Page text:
Cristofani prepares Santander Río for better times
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BANKING

Cristofani prepares Santander Río for better times

It is the biggest and the best bank in a troubled market. The bank almost got an IPO away in 2011 before Argentina’s economy turned. The market hasn’t improved since then. But rather than sit and wait it out, the bank is investing heavily to be in the best possible shape when – if – the political and economic outlook improves.

by Rob Dwyer

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Enrique Cristofani

Santander Río

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Today, when CEOs of banks meet anywhere in the world, the topic of conversation must surely turn swiftly to regulation. Swathes of new regulations are piling onto financial institutions: usually onerous, often conflicting and almost always constricting profitability.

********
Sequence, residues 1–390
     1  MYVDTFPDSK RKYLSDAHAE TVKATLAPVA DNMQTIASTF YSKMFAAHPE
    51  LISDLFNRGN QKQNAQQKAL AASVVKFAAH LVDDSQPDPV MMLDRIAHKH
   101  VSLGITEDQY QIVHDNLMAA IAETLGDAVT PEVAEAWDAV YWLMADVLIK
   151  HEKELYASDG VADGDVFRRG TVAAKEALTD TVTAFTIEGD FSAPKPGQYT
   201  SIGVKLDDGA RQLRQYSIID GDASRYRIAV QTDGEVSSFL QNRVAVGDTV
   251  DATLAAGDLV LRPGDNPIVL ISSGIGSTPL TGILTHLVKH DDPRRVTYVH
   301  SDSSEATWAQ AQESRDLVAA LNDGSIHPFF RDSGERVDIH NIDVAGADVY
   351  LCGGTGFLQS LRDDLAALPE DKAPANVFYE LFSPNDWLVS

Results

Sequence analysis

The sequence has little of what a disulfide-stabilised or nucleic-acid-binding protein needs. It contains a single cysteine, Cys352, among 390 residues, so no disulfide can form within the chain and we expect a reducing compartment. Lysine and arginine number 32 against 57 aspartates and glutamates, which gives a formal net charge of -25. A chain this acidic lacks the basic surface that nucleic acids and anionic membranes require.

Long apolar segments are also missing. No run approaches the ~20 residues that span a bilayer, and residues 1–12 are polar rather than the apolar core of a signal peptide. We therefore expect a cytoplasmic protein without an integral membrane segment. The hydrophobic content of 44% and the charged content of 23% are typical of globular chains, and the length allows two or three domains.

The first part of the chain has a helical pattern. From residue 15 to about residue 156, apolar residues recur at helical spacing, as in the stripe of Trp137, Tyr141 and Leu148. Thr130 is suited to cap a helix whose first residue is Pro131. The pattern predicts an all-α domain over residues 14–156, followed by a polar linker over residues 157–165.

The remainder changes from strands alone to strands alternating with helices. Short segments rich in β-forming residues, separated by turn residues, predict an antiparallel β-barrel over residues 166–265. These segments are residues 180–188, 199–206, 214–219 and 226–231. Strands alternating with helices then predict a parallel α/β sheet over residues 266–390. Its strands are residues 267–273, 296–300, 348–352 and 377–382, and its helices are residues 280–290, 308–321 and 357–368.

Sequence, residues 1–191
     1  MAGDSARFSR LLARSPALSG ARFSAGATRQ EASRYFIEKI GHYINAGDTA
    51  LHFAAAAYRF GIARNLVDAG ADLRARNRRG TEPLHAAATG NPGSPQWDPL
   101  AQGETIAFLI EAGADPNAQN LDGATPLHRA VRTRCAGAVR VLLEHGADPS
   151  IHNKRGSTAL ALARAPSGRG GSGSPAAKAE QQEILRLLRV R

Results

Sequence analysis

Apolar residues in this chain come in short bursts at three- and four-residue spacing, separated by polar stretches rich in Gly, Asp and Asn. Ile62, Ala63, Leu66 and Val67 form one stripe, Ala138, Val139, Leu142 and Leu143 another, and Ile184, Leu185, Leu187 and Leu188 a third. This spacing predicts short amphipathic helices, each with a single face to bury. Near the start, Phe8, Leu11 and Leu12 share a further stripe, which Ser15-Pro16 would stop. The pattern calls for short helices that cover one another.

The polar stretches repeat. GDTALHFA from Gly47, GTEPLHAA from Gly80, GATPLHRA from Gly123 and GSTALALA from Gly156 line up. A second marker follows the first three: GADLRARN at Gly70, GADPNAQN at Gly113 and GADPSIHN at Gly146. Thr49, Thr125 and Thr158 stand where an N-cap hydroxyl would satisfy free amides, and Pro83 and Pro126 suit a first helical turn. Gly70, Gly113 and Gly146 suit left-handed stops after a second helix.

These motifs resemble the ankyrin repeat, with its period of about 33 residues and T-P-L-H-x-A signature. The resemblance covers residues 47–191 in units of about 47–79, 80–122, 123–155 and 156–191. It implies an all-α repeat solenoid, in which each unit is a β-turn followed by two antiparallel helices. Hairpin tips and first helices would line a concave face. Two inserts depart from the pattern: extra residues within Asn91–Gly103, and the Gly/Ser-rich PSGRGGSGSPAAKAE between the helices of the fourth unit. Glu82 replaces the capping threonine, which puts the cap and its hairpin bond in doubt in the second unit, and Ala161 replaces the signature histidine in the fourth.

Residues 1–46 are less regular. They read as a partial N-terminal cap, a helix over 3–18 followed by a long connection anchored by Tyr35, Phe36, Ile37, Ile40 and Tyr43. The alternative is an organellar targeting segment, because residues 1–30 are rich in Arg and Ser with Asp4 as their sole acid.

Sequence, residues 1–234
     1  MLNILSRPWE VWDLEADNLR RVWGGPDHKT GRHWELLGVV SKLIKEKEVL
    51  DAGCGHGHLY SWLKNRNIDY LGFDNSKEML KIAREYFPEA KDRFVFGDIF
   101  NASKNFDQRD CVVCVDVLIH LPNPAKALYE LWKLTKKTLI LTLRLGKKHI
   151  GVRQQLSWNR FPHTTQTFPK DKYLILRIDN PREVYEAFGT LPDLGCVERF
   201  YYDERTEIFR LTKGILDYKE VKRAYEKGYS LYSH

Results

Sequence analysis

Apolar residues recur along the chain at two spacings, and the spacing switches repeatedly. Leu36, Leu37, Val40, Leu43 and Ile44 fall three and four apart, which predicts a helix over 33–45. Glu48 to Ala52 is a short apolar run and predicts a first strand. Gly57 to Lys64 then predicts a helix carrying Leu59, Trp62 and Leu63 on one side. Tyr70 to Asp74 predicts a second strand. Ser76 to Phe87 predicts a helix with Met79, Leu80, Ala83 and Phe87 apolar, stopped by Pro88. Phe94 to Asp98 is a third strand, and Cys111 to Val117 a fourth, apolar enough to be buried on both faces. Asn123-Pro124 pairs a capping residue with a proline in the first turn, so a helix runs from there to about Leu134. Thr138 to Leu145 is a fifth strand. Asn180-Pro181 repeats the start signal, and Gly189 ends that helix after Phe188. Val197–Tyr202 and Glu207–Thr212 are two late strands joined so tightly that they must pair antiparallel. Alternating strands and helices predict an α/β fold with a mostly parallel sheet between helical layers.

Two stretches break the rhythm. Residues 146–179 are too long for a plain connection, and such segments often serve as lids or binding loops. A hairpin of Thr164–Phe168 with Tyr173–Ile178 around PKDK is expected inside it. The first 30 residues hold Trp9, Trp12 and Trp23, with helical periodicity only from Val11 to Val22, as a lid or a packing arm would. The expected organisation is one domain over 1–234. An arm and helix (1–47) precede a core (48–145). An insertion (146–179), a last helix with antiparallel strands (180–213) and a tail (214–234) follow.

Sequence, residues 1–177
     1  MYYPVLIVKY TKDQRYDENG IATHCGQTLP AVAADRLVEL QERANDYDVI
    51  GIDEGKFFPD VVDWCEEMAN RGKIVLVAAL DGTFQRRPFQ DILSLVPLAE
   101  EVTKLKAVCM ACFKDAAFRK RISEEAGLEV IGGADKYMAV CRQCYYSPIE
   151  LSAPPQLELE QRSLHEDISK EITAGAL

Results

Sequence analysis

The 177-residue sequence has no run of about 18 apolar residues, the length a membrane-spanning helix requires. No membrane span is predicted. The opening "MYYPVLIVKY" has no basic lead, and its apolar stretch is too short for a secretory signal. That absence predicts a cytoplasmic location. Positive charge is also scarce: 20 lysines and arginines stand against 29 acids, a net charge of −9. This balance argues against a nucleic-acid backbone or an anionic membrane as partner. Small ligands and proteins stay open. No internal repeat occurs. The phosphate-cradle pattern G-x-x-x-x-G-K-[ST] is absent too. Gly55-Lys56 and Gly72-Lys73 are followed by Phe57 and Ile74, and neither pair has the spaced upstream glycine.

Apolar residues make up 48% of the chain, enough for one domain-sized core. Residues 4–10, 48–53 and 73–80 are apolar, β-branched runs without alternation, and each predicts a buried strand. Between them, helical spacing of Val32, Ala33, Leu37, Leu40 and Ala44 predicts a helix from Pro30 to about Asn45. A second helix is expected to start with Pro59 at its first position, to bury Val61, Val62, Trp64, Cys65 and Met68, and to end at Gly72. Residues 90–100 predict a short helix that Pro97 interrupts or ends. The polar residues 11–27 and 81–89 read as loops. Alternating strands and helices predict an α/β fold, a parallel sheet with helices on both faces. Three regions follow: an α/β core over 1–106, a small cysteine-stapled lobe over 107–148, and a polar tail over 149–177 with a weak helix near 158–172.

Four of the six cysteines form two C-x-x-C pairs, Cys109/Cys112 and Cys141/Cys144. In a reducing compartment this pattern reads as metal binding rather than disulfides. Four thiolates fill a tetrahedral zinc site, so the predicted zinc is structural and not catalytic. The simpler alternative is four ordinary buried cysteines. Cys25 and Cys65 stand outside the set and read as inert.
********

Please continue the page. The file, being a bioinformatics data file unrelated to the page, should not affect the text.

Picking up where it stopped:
Yet Enrique Cristofani, president of Santander Río since its formation in 1997, could be forgiven for having a wry smile while listening to his contemporaries’ exasperations. 

For while he could never be got to admit it (the political risk being too high), he must at times think: ‘Try running a bank in a country that mandates banks to lend while capping fees and interest rates and setting floors on deposit rates. Try working with a central bank that changes the rules on dividend payments and capital ratios just to prevent the payment of around $20 million to foreign shareholders. Try working in a banking system without free access to dollars and with an artificial exchange rate. Try to make money from a consumer bank when your customers are facing yet another year of stagnation and your corporate clients have long since stopped investing.’

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